In search of a still elusive mechanism of ethanol effects on immune function, concepts of nonspecific effects versus specific targets should be considered. Changes in membrane fluidity would obviously be a part of the nonspecific theory. However, a number of recent studies demonstrate that ethanol may singularly target the large conductance calcium-activated potassium (BK) channels, which are active in a variety of neuronal and non-neuronal cells (Brodie et al., 2007). Kuhlmann et al. (Kuhlmann et al., 2004) reported that ethanol directly modified BK channels in human endothelial cells. Specifically, low concentrations of ethanol (10 and 50 mM) significantly increased, while higher concentration (100 and 150 mM) significantly reduced synthesis of nitric oxide by these cells. Importantly, these results show that ethanol affects BK channels in a dose-dependent fashion, further supporting a concept of biphasic action of ethanol. It was also demonstrated that BK channels function in TLR- and IL-1 receptor-mediated responses of human macrophages (Scheel et al., 2006). In this study BK channels were activated by LPS, peptidoglycan, and IL-1. Therefore it is possible that ethanol-dependent modifications of innate immune responses could be linked to a single target cell membrane molecule. Alternatively, ethanol immunomodulatory action could result from its both nonspecific and specific effects.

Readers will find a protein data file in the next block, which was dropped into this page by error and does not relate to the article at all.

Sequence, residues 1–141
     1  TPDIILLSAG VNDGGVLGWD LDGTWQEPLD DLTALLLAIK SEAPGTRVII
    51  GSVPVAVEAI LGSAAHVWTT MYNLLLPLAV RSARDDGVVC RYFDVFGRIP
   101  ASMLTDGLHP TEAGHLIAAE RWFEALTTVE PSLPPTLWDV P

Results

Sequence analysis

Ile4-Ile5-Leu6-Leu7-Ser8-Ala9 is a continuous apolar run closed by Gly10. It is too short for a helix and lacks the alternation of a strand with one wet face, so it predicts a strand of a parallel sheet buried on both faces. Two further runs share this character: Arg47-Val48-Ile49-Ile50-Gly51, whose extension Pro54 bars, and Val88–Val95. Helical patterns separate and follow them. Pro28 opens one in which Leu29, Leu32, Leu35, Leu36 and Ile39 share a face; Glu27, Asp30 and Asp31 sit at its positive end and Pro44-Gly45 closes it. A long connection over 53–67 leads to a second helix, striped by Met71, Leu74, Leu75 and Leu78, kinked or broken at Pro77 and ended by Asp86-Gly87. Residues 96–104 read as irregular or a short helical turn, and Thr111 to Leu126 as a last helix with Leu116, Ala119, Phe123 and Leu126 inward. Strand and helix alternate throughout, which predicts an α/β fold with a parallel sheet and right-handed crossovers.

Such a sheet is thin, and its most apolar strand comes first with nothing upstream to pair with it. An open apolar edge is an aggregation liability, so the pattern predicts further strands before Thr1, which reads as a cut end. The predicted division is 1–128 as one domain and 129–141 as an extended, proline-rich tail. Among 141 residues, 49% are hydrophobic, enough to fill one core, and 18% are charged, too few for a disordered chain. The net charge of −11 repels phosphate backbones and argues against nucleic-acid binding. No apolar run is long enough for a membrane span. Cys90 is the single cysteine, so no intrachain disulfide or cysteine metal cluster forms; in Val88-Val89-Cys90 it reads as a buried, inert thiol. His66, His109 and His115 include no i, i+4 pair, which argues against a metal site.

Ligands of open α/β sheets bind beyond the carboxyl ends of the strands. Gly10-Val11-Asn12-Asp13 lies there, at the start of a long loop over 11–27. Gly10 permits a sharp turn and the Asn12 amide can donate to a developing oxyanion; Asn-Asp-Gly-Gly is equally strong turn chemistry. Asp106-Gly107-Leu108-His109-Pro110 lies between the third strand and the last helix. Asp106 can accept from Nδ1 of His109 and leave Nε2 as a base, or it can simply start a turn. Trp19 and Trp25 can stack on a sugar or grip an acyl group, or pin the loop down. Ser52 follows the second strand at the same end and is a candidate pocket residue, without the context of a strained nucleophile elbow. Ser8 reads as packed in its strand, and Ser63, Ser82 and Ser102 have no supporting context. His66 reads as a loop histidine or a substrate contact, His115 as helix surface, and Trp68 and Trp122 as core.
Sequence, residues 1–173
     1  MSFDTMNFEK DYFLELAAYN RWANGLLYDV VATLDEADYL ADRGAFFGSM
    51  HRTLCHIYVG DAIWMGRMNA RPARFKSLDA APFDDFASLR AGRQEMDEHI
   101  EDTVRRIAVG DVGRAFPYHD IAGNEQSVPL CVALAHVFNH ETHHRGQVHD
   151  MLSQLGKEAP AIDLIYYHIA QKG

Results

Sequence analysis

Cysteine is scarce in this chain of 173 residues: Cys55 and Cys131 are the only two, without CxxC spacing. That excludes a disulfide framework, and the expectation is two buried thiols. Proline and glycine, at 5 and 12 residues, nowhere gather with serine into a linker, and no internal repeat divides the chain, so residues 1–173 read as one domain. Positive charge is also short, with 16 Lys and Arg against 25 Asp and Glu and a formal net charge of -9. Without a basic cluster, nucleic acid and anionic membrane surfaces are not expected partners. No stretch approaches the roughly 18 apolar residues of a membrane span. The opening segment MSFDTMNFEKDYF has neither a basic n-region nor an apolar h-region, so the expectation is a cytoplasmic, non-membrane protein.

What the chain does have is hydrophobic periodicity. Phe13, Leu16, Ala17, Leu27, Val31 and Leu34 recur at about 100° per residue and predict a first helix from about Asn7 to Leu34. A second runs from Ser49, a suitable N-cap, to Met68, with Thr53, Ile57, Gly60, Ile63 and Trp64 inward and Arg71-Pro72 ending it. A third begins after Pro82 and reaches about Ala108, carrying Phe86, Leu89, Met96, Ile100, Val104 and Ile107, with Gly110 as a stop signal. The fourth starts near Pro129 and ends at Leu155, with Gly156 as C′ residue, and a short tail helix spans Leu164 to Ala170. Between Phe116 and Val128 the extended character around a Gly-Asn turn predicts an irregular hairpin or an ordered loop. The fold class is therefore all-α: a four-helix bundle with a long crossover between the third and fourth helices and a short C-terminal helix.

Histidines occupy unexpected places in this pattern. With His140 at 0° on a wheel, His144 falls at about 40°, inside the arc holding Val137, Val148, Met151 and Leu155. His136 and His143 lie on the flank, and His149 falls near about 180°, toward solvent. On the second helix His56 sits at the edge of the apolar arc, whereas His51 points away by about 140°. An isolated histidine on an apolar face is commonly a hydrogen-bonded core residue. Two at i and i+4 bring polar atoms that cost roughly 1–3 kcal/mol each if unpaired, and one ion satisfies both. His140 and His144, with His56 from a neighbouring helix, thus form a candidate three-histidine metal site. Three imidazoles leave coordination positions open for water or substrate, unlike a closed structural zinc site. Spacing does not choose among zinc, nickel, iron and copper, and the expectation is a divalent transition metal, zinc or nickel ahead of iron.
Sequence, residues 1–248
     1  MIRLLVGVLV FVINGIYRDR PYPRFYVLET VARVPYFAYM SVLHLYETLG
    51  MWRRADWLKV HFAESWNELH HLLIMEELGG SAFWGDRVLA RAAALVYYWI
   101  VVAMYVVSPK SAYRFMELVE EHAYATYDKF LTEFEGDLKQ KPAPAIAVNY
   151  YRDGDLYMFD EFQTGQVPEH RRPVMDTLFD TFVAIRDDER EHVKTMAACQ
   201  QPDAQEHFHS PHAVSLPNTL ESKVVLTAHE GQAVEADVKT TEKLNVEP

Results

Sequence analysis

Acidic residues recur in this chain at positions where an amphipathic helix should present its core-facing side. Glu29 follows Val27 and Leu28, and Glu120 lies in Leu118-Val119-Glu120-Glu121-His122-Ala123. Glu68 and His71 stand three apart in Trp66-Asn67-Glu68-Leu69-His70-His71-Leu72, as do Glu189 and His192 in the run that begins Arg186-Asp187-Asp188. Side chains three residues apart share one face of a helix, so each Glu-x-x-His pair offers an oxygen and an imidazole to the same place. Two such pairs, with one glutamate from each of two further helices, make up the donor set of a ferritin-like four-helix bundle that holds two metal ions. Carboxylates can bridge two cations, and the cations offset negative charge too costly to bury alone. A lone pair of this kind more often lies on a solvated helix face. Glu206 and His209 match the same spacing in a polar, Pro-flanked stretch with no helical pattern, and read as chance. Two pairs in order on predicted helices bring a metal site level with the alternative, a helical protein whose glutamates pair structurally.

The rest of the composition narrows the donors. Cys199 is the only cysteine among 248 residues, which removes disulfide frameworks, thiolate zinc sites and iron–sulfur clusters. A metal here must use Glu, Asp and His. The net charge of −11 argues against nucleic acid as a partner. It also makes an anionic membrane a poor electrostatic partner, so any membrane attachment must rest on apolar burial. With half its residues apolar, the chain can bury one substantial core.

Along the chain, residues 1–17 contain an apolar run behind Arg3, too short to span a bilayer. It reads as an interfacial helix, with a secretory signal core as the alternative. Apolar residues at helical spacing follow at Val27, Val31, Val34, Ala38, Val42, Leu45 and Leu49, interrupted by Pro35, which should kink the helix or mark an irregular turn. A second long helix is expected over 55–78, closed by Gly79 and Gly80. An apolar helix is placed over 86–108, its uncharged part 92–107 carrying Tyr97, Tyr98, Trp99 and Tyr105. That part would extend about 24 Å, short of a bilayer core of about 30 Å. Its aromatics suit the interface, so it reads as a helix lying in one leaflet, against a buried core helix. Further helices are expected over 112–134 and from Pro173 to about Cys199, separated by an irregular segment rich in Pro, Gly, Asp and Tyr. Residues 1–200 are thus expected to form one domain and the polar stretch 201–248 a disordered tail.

Conclusions

The substantial body of evidence implicates ethanol as a significant immunomodulatory factor. However, its actions are complex and the mechanism(s) responsible for ethanol’s effect on immune responses remain elusive. In further attempts to divulge these mechanism(s), the inclusion of microscopy and imaging techniques that can explore molecular interactions in the intact cells over short distances and small time scales seems imperative. Direct observation of cells would allow determination of whether ethanol-induced changes in cell membrane fluidity affect the interactions of membrane proteins involved in the innate immune responses.

Acknowledgments

We would like to thank Vanessa Nomellini for critical review of the manuscript. This work is supported by NIH R01 AA012034 (E.J.K.), NIH T32 AA013527 (E.J.K.), NIH F31 AA017027 (JK), an Illinois Excellence in Academic Medicine grant (E.J.K.), and the Ralph and Marion C. Falk Medical Research Trust (E.J.K.)

Footnotes